Considering how the New York Times is coping with the the plight of the publishing industry and news media better than most, it’s not surprising to see that they might be pursuing a more symbiotic editorial model. Granted, when it comes to weathering the storm, the NYT is a lot larger in both scope and scale (size, authority, and audience) than many of its contemporaries, so it has a definite edge. But its continual efforts to reinvent its content model are plain.
In addition to everything it’s done with blogs and Times Wire (a real time news feed), it seems to be pursuing all three facets of a symbiotic editorial model. Most recently, not only has it started thinking of its readers as users, but it’s implemented a diversified ad-revenue model to go with it. As Adage reports:
[…] Derek Gottfrid, senior software architect and product technologist at The New York Times, said the company has quit calling online readers “readers,” instead referring to them as users. […]
“When we think traditionally about creation [at The New York Times] it was limited to people within the Times,” [said Derek Gottfrid, senior software architect and product technologist at NYT]. “We created for readers … [for whom] it was a passive experience. But as we moved online, we wanted to move people from readers to users.”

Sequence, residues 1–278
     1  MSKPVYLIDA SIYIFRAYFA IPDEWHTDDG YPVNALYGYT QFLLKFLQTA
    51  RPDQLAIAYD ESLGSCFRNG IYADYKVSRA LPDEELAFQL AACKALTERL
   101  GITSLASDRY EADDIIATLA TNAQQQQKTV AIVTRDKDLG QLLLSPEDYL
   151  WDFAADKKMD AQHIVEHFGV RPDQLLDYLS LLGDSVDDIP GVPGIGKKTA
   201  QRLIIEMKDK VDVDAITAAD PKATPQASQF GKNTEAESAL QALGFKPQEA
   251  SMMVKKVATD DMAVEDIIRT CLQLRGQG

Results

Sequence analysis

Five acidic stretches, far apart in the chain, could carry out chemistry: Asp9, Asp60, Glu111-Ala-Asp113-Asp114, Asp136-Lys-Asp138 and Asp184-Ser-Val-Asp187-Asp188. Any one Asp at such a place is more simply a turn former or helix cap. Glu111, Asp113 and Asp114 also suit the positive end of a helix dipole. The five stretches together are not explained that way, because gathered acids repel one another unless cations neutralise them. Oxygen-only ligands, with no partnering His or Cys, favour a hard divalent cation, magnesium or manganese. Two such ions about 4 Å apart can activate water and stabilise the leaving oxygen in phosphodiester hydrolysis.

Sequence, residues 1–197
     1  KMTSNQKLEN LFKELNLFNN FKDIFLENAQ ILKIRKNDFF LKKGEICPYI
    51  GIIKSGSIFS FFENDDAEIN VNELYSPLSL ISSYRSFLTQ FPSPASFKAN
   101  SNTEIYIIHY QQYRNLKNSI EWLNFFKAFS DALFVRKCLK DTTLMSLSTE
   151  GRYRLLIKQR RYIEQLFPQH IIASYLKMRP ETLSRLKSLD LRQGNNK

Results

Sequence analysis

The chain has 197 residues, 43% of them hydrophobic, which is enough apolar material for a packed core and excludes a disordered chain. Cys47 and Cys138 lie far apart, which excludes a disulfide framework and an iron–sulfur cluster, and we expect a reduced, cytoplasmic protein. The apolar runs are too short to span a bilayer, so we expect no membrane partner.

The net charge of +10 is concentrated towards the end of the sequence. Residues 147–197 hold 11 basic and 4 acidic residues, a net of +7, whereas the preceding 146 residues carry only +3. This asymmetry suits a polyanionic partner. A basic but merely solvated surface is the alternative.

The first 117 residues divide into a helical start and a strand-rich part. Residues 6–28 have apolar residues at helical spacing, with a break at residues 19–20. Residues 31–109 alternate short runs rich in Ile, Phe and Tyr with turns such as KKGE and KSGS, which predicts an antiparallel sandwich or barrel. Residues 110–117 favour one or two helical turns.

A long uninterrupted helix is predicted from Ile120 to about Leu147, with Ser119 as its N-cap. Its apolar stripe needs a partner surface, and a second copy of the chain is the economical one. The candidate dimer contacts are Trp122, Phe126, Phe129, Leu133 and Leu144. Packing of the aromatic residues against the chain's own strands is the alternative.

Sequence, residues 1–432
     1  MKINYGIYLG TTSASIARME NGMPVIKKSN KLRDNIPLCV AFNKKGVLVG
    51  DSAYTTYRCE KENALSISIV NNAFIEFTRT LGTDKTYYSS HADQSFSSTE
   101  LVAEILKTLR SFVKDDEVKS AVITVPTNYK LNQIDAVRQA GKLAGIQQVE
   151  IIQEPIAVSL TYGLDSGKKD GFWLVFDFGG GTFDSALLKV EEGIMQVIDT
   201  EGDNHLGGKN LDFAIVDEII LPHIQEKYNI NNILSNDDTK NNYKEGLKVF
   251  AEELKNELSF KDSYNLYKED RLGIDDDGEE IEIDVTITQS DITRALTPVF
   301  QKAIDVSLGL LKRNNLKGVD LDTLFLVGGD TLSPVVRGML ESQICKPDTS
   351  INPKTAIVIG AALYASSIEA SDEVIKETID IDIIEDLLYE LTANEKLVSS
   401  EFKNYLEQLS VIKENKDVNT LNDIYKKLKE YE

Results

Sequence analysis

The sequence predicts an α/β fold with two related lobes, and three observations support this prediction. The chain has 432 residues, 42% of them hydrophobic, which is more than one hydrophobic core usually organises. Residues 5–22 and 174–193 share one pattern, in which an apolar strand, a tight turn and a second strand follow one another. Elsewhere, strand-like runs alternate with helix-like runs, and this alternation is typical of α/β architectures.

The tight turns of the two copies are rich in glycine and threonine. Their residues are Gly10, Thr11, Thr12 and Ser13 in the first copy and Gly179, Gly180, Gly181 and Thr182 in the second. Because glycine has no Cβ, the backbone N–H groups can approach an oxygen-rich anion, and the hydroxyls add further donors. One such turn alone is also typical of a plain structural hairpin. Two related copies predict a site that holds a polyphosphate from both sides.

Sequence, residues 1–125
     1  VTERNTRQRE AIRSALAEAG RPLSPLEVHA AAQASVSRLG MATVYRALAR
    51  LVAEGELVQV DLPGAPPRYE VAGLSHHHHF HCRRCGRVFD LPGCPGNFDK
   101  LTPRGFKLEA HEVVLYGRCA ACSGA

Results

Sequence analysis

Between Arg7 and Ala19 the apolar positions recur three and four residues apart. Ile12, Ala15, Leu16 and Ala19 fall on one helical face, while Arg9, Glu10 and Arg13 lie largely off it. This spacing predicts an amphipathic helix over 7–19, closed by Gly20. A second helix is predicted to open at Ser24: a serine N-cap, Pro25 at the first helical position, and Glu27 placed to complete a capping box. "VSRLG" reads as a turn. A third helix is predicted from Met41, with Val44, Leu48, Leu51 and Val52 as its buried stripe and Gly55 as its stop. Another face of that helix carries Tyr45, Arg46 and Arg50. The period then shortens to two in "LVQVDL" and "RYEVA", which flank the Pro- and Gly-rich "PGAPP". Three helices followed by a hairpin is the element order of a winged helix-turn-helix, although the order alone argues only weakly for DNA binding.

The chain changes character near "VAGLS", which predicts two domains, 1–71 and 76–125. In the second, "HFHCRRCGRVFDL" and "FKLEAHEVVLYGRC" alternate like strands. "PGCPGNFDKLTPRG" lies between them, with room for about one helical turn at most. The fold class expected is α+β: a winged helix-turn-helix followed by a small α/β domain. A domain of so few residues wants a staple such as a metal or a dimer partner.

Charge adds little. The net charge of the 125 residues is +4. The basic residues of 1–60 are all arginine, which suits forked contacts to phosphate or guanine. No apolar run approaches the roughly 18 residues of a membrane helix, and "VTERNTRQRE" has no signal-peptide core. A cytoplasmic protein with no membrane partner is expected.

This shift to users-instead-of-readers is an important part of the transition toward becoming a social news organization. As Alan Rusbridger, the Editor-in-Chief of an equally auhtoritative newspaper, The Guardian, noted in a recent interview, there is a blurring between the reader and the journalist, so itâ€™s become necessary to involve the reader more and create a community around your journalist core.
But more importantly, the NYT’s shift toward users-instead-of-readers is also seen in its integration of apps and what those apps might mean for its revenues. Overall, it looks to be evolving into a veritable social news organization. As the AdAge article elaborates, to coax people from being readers to being users:
[…] the company has opened up its [APIs]. The Times has taken content and data — both internally created material, such as movie reviews and best-seller lists, and external data, such as campaign-finance and legislative information — and opened up the APIs so that outside developers can create tools for its consumers.
Among the results: Instantwatcher mashes up the “Watch Instantly” program from online movie-rental service Netflix with Times movie critics’ top choices. Another app, called NYTExplorer, provides an alternative article-search function to the one that exists on NYTimes.com.
These apps demonstrate how the NYT is diversifying their ad-revenue model. The “Watch Instantly” app, for instance, seems a lot like an affiliate marketing tactic — i.e. a performance-based referral marketing model.
Purusing this kind of ad-revenue diversification and the technology to implement it is 2/3 of the symbiotic editorial equation. The reaming third is integrating a full-sevice marketing agency into your organization (as Vice Magazine has), and as the Nieman Journalism Lab recently documented, the NYT has an advertising R&D lab that seems poised to evolve into just such a full-sevice marketing agency.